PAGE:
Pratylenchus spp.: All commercial peach rootstocks are susceptible to root-lesion nematodes, but some evidence for resistance has been shown in Rubira, Pisa, Rutgers Red Leaf, Tzim Pee Tao, and in some hybrids of Rutgers Red Leaf X Txim Pee Tao (Nyczepir and Halbrendt 1993).
P. penetrans: 5/100 g soil (Barker et al. 1976). Root impairment results in loss of vigor and yields of mature trees, but P. penetrans' role in orchard replant problems is probably more economically important (Nyczepir and Halbrendt 1993).

PLUM (MYROBALAN)

P. penetrans: Initial population of 320/100 g soil necessary for growth reduction (Nyczepir and Halbrendt 1993).

NUTS

Pratylenchus spp.: 25 to 150/100 cm3 soil are considered damaging but can vary depending on rootstock tolerance, soil texture, climate, additional pathogens; they are primarily a replant problem on walnuts (Nyczepir and Halbrendt 1993).
P. penetrans
: P. penetrans is considered important on nuts in temperate areas (Nyczepir and Halbrendt 1993).

GRAPES

Pratylenchus spp. Several Pratylenchus spp. have been associated with poor growth in grapevines (Brown et al. 1993).

VEGETABLES

ASPARAGUS

P. crenatus: Asparagus is a host for P. crenatus; pathogenicity is unknown (Potter and Olthof 1993).
P. penetrans: Asparagus is a non-host for P. penetrans (Potter and Olthof 1993). In pots, initial populations of 45/100 g soil resulted in 0/ g root, 0% height reduction, and very little necrosis after three weeks (Miller 1978).

BEET (TABLE)

P. neglectus: Causes moderate damage (Potter and Olthof 1993).
P. penetrans: 1800/100 cm3 soil reduced fall yield by 27%; beet is recommended as a fall-maturing crop in soils with up to 600/100 g soil (Potter and Olthof 1974). 600-1800/100 g soil (Barker et al. 1976).

BRUSSELS SPROUTS

P. penetrans: In pots, initial populations of 45/100 g soil resulted in 260-520/g root, 42% height reduction, and severe necrosis after three weeks (Miller 1978).

CABBAGE

P. penetrans: Losses in marketable yields ranged from 17% at 67/100 g to 25% at 1800/100 g soil (Olthof and Potter 1973). 200 to 600/100 g soil (Barker et al. 1976; Potter and Olthof 1993). In pots, initial populations of 45/100 g soil resulted in 180-360 g root, 22% height reduction, and moderate necrosis after three weeks (Miller 1978).

CARROT

Pratylenchus spp.: Threshold range is 30 to 180/100 g soil at planting, with moderate damage at about 100/100 g (Potter and Olthof 1993).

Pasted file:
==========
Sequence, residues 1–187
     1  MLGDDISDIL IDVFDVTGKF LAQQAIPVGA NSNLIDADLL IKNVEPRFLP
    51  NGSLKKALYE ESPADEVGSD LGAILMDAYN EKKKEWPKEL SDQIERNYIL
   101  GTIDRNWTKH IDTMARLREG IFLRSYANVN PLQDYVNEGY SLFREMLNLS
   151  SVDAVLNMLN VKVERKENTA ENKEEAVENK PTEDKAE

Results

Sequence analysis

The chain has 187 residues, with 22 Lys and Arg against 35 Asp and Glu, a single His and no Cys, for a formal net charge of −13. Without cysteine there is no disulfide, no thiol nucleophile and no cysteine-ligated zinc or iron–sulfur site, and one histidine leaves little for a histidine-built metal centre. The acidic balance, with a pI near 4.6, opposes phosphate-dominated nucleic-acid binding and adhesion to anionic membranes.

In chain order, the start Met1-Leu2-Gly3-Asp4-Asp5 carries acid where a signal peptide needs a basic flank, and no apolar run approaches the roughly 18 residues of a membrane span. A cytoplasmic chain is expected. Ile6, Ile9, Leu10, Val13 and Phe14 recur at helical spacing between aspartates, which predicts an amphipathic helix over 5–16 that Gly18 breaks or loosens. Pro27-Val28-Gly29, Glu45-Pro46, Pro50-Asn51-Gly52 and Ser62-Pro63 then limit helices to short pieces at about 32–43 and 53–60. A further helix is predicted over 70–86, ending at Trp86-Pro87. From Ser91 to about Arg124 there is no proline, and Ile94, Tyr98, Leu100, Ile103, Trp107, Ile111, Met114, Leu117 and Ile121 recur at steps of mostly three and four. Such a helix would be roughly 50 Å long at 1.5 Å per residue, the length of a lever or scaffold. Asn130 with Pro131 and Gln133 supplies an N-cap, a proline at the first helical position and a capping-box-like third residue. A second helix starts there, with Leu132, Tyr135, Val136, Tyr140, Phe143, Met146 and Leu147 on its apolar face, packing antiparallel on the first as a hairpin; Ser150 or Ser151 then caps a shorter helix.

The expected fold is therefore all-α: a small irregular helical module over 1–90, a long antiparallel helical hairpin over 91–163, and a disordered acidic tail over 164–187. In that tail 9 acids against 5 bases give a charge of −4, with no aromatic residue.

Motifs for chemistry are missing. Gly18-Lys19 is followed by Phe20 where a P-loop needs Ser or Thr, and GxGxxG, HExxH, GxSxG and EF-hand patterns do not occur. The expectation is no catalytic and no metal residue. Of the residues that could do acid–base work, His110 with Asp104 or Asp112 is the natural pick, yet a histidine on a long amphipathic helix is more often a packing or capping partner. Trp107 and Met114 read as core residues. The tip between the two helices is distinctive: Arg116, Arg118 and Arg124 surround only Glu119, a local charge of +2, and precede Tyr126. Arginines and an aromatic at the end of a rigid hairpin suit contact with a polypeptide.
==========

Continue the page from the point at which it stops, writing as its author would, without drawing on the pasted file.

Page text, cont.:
P. crenatus: Taproots are branched and reduced; side roots have lesions and dead tips; above-ground parts are thin and chlorotic (Potter and Olthof 1993).

CAULIFLOWER

P. penetrans: Losses in marketable yields ranged from 19% at 67/100 cm3 soil to 59% at 1800/100 cm3 soil (Olthof and Potter 1973). 200 to 600/100 g soil (Barker et al. 1976; Potter and Olthof 1993).

CELERY

P. penetrans: In pots, fresh weight was decreased 31, 48, and 83% by 61, 313, and 1565 P. penetrans/100 cm3 soil (Towhshend 1962).CORN (SWEET)

P. penetrans: Losses in marketable yields ranged from 30% at 67/100 g to 49% at 1800/100 g soil (Olthof and Potter 1973). 100/100 g soil (Barker et al. 1976). In pots, 25/100 cm3 soil significantly reduced root growth at 20 and 24 but not 16 and 28o C and top growth at 20o C only; stem diameter was not reduced (Dickerson 1964). In pots, initial populations of 33/100 g soil resulted in 70/g root and little necrosis on "Butter and Eggs" after 3 months (Miller 1978).

CUCUMBER

P. penetrans: In pots, initial populations of 45/100 g soil resulted in 630-1260/g root, 40% height reduction, and severe necrosis after three weeks (Miller 1978).

DILL

P. penetrans: In pots, initial populations of 45/100 g soil resulted in 110-220/g root, 30% height reduction, and moderately severe necrosis after three weeks (Miller 1978).

EGGPLANT

P. penetrans: In pots, initial populations of 45/100 g soil resulted in 245-490 g root in "Black Beauty" and 150-300/g root in "Midway Hybrid", 15 to 18% height reduction, and very severe necrosis in both cultivars after three weeks (Miller 1978).

LETTUCE

P. penetrans: Losses in marketable yields ranged from 18% at 67/100 g to 33% at 1800/100 g soil (Olthof and Potter 1973). 1800/100 g soil reduced fall yield by 43% (Potter and Olthof 1974). 200 to 600/100 g soil (Barker et al. 1976; Potter and Olthof 1993). In pots, initial populations of 45/100 g soil resulted in 325-650/g root, 22% height reduction, and moderately severe necrosis after three weeks (Miller 1978).

ONION

P. penetrans: At 7-13o C, < 100/g root caused significant root weight reduction, but > 400 were required to produce injury at 16-25o C (Ferris 1970). Losses in marketable yields ranged from 14% at 67/100 g soil to 71% at 1800/100 g soil (Olthof and Potter 1973). 100/100 g soil (Barker et al. 1976; Potter and Olthof 1993). Cultivars vary in susceptibility, and wild Allium canadense may be more resistant (Ferris 1970).